Are libel costs 150 times greater in England and Wales?

I had a twitter exchange with Nick Cohen, the Observer columnist, today after he tweeted that:

Leveson [is] dodging issue of why libel costs in Britain a 150x European average. Why not just cut lawyers’ fees?

I queried the figure as dubious and pointed out the study was deeply flawed. Nick retorted, reasonably enough, that he preferred Oxford (who published the study) to libel lawyers (who he assumed did not produce the study) but has asked me to substantiate my concerns about the Study.

Readers can find it here.

The central claim, which I have seen recycled a number of times in debates about libel costs, is taken from the report’s executive summary. I highlight it in bold:

The comparative element of the study analysed data collected from various jurisdictions across Europe via a questionnaire, which included specific questions about two factual scenarios.

The data showed that even in non-CFA cases (where there is no success fee or insurance) England and Wales was up to four times more expensive than the next most costly jurisdiction, Ireland. Ireland was close to ten times more expensive than Italy, the third most expensive jurisdiction. If the figure for average costs across the jurisdictions is calculated without including the figures from England and Wales and Ireland, England and Wales is seen to be around 140 times more costly than the average. The data also showed that common law jurisdictions are by far the more expensive jurisdictions in which to conduct defamation proceedings. This was exacerbated by the use of CFAs.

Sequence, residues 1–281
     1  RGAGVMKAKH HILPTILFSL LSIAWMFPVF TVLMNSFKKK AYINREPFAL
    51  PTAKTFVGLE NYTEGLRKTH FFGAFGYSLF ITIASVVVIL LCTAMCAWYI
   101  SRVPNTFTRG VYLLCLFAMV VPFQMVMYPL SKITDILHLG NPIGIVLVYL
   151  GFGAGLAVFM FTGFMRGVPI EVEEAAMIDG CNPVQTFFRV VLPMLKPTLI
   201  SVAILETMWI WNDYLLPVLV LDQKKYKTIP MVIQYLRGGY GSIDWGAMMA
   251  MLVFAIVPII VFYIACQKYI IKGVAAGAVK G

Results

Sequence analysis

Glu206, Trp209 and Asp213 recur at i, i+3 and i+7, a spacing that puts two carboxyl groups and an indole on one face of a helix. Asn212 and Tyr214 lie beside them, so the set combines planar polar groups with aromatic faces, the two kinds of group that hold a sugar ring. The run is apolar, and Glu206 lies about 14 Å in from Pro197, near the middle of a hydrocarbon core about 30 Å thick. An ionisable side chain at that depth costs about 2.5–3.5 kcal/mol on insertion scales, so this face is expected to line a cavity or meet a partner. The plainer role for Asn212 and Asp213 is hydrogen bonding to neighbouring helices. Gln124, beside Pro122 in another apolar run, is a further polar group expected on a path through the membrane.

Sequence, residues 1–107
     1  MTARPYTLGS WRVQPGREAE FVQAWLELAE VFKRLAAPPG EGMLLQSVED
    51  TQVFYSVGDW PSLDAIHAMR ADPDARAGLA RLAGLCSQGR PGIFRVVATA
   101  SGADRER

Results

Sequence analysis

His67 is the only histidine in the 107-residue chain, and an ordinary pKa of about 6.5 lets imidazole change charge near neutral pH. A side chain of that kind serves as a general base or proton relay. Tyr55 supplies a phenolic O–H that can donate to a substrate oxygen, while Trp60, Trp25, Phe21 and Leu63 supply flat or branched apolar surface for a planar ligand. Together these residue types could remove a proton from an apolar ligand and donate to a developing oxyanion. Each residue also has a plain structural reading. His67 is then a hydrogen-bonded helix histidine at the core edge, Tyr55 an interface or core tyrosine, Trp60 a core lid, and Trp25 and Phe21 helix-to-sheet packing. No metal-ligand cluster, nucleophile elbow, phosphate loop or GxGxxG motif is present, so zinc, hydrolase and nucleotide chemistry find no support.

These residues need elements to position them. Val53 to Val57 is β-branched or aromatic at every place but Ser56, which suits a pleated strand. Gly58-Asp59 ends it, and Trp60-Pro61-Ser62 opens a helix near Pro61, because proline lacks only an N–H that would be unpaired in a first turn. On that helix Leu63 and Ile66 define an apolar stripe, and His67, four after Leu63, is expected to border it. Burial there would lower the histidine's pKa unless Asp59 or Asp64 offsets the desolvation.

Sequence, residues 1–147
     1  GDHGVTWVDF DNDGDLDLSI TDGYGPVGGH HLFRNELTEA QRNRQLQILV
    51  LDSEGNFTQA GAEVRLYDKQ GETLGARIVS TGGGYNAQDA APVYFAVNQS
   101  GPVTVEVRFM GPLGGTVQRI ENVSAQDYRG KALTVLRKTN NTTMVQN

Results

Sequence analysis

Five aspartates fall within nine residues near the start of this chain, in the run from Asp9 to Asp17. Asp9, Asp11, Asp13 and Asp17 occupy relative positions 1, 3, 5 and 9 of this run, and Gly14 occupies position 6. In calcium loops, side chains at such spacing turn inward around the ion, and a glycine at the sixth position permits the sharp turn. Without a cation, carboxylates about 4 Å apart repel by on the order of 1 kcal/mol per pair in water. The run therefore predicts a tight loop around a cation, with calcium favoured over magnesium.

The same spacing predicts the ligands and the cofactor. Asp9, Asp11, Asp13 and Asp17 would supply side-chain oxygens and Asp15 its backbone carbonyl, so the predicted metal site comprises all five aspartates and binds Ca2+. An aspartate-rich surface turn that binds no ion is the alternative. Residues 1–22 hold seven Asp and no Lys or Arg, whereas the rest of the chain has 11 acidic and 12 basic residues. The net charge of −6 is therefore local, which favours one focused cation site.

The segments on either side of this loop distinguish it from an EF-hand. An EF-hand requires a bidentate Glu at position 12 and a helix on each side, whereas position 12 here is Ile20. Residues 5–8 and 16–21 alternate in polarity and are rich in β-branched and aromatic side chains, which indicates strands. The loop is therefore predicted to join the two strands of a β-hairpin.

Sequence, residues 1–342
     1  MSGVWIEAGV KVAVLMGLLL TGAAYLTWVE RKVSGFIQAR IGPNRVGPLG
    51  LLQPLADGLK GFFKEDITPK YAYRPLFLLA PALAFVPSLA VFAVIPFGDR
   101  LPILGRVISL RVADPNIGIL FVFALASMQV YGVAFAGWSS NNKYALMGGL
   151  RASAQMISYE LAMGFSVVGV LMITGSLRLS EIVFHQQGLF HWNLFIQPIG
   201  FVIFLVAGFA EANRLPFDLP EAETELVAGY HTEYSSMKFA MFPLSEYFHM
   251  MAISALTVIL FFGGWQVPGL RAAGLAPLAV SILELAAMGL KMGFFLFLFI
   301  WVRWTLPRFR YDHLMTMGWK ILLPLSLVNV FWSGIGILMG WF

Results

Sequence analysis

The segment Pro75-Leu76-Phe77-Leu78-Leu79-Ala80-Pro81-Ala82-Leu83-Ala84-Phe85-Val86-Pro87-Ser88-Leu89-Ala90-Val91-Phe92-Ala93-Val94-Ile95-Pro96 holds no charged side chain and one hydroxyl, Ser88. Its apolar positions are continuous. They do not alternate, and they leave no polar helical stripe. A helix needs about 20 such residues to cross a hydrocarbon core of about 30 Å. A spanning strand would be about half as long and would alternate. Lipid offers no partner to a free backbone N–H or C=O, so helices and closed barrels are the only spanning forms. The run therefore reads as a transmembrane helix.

Based on the collected data the study was able to identify costs factors, unique to the common law tradition, which partially explain (although they do not justify) the comparatively high costs in England and Wales. Although the collected data did not enable the study to pinpoint the precise underlying reasons for these costs increases in numeric, proportionate and interrelated values, it did give strong suggestions as to why England and Wales is the most expensive jurisdiction.

The headline figure of 140 times greater than average is dubious in a number of respects:

1. It is based on questionnaire responses to two cases.
2. Those responses were received from twelve countries. One lawyer or firm of lawyers estimated the costs of those two cases in their own countries.
3. Averages are thus calculated on tiny numbers on two hand picked cases.
4. The two case studies are based on real cases but we do not know how those cases were chosen and in particular how typical they are.
5. The cases appear to have been selected by a firm of solicitors who represents defendants in media cases. One of the solicitors in that firm has actively engaged in lobbying for defendant media interests.
6. The questionnaire was designed by this same firm of solicitors with input from the researchers.
7. The answer to those questionnaires was, for England and Wales, given by that same firm of solicitors. They author one of the chapters.
8. This is a study where a lobbyist designs, answers and then authors parts of a research report on an area in which they have taken a keen policy interest.